Monday, September 24, 2007

The Sharks are Circling at Northern Rock

It looks like Northern Rock's woe's are just beginning with three of the most aggressive funds plotting to break up the company. Reports suggest that the break-up of the bank would generate hundreds of millions for the funds and leave very little for the shareholders.

Former Goldman Sachs trader, Chris Flowers is among the group looking at a possible deal for the bank. It is also said that Cerberus (the vulture fund that owns Chrysler) and Citadel are among the group circling the stricken financial services company.

The deal would see Northern Rock's mortgage book, worth £100bn plus, divided up amongst the funds but shareholders would come out of it 'penniless' according to the Telegraph.

The markets, recently, have thrown up huge opportunities for funds to snap up under performing securitized mortgage books from struggling banks at below face value. Holding them until maturity would reap huge profits for the funds concerned.

After having loaned NRK £3bn last week a market commentator said "The Bank of England has been trying to get someone to make a bid with no success at all this week. The easiest thing to do is to buy a lot of the assets. It's much more likely to happen this way."

The funds have yet to approach the Northern Rock board, which has spent the week scrabbling to find a new source of financing.

The management of NRK are in a catch 22 position as, obviously, a deal that gave no value on the equity, which a few months ago was worth £5bn, is not something the board would be happy to take. Their options, however, are becoming more limited by the day.

The problems we see here are that this is not some company that makes widgets in some far off land that has little impact on the collective consciousness of the UK public. This is a bank that little old ladies have their savings in. Any aggressive move against the bank will surely be spun by the 'Red Top' tabloids as some sort of 'rich getting richer' scheme at the expense of the little guy. With the fact also that there are depositor guarantees (increased to £100,000) the funds are on shaky ground and could look like they are profiting at the taxpayers expense, not to mention the shareholders.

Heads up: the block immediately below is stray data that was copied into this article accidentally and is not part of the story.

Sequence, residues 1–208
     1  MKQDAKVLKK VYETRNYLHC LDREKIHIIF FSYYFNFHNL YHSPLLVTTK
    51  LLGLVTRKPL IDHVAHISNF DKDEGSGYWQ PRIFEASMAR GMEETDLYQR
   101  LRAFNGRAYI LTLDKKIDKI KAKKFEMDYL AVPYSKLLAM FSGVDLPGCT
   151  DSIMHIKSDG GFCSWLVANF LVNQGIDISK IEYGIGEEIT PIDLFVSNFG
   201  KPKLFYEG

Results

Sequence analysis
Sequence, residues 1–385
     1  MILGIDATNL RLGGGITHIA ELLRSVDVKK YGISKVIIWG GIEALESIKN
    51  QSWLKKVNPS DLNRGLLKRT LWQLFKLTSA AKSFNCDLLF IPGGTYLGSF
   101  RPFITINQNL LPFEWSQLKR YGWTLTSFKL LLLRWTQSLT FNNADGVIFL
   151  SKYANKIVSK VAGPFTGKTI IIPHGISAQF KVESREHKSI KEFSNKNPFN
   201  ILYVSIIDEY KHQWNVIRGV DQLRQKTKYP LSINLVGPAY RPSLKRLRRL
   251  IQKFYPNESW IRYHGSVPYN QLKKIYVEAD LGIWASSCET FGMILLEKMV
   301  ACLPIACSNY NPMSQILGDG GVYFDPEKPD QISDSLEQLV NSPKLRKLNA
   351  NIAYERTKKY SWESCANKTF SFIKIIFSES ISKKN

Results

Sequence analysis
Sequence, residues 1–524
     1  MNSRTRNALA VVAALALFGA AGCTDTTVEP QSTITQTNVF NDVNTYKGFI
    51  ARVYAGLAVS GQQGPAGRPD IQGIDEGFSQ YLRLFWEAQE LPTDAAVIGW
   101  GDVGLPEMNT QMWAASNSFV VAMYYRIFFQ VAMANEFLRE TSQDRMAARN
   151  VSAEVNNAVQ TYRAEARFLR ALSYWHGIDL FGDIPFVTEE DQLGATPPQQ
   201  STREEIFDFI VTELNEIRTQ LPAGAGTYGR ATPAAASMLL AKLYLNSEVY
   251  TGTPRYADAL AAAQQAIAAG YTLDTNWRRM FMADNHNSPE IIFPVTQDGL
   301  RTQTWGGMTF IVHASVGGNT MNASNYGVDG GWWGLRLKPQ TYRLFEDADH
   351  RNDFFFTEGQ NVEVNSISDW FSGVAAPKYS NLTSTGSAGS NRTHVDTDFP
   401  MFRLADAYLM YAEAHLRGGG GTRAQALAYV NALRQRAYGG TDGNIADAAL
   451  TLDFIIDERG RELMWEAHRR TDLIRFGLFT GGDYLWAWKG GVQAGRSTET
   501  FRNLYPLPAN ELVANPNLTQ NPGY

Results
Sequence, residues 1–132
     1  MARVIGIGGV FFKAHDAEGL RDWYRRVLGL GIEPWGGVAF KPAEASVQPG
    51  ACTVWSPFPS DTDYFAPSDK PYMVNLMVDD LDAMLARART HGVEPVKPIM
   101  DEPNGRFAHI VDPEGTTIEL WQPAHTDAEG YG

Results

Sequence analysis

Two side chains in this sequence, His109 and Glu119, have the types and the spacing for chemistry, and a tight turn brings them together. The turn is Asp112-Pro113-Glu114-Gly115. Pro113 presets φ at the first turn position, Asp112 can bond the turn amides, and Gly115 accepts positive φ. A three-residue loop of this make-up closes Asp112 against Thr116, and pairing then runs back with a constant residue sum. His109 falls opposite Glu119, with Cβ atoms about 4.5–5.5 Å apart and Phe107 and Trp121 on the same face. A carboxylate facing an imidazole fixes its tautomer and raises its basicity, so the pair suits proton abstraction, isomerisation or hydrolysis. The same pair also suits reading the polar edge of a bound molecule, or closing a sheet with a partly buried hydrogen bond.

We could see an old fashioned situation where the aggressive funds are seen as hostile takeovers merchants intent on breaking the company up for profit. RAB capital headed the call from management for hedge funds to buy into the company, by buying 6% of the equity a classic 'white knight move'.

Whomever gets hold of this firm better make sure that the spin they put on this is better than Tony Blair losing a by-election because the political fallout could be huge for the fund that gets it wrong. It is the kind of thing that brought the raiders of the 80's to the attention of the regulators and politicians and ultimately lead to the dismantling of much of the Junk Bond industry.

The bottom line here, in my opinion, is that the winner in this could ultimately end up as the loser through more regulation and politically motivated moves to curb the accesses of the hedge fund industry. If I was a politician looking to make my name, I would be circling this deal, licking my lips at having an arrogant hedge fund manager explaining his billion dollar salary while seeing pictures of little old ladies with placards outside the Houses of Parliament because they have lost thousands investing in NRK.

What is required is nerves of steal, flesh eating lawyers and a very, very fluffy PR company that can turn this particular lemon, for the hedge funds, into lemonade.

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